Lisa Rausch, a University of Wisconsin scientist working on deforestation-free supply chains in Brazil, said she is surprised Cargill is pursuing another port in Pará given the past controversy over its port in Santarém, built in the early 2000s.
That port was the focus of major protests and featured heavily in the influential 2006 Greenpeace report Eating Up the Amazon, a call to action that linked Brazilian soy to European supermarkets and fast food chains such as McDonald’s. The controversy helped drive the signing of the Soy Moratorium in 2006.
Rausch said she’s also surprised the company would pursue the land if there were questions about the land transfers.
“Creative solutions” around land titles are extremely common in Brazil, Rausch said.
“The whole region is sort of shrouded in a long history of what they call land title disputes,” she said. “It’s surprising to me that they are moving ahead with this knowing that somebody would dig into it.”
In an interview, Tatiane Rodrigues de Vasconcelos, a legal advisor in the Public Prosecutor’s Office of the state of Pará, said she researched the land titles in question during law school. She concluded they are fake, and that the community land was sold illegally.
The riverside community is a federally protected traditional settlement that has been in the area for more than 200 years, according to Paulo Weyl, a human rights lawyer rights at the Federal University of Pará who is representing the residents.
In an interview, Weyl said the government officially recognized the community’s protected status in 2005 as what’s called an Agro-extractive Settlement Project. It was made clear at that time that the federal government owns the land. Weyl called the sale of the land “absurd.”
According to Weyl, city officials transferred land titles to individuals who sold it to a company called Brick Logística, which then sold it to Cargill in 2020 for about $1.2 million.
Brick Logística’s LinkedIn profile says it “develops greenfield private ports in the Brazilian Amazon.” In its filed response to the lawsuit, the company denied any fraud. The part of the island that Brick Logística acquired for the port had a long history of private ownership and did not belong to the protected community, it said. The crucial point, it said: “the absolute non-existence of any trace of occupation or use of the property currently owned by Cargill under the of tenure by communities residing on the Xingu island.”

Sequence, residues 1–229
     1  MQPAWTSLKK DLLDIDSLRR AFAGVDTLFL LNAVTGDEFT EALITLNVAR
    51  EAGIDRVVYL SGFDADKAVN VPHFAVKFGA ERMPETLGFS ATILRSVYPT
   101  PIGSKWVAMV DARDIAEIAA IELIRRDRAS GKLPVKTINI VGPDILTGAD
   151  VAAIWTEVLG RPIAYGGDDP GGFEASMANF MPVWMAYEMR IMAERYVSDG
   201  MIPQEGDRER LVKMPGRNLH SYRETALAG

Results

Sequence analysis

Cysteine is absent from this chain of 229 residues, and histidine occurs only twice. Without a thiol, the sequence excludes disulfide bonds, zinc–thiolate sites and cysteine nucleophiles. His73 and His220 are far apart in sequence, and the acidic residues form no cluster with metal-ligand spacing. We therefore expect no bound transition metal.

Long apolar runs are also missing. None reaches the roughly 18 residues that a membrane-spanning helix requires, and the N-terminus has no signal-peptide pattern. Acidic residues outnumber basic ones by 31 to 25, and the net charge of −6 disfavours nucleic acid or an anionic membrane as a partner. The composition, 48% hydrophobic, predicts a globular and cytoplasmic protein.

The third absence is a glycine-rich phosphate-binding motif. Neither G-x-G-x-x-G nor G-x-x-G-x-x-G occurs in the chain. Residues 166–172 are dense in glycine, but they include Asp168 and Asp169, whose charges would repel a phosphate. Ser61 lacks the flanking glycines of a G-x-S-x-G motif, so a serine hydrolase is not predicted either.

Chief executive Kleber Menezes, Pará’s secretary of transport from 2015-2018, forwarded a request for comment to his legal team, which did not respond in time for this story. But he said he quit his duties at Brick while in statement government and there was no conflict of interest.
The plans for the new port are wreaking havoc on the community, which sees a threat to their entire way of life, Vasconcelos said. Some of the 188 families who are directly affected have already moved away. The dredging and construction, along with increased barge traffic up and down the river, will serious harm the fishing grounds, she said.
“It’s like they’re invading their houses, their territory,” Vasconcelos said.
Environmental groups are holding up the land deal as a sign that Cargill isn’t committed to ending deforestation or protecting the rights of Brazil’s traditional communities.
Merel van der Mark, coordinator of the Forests & Finance Coalition, a group that includes Rainforest Action Network and Amazon Watch, said she thinks Cargill’s buyers and the global banks doing business with Cargill should reconsider their ties with the trader. It’s “bad business,” she said.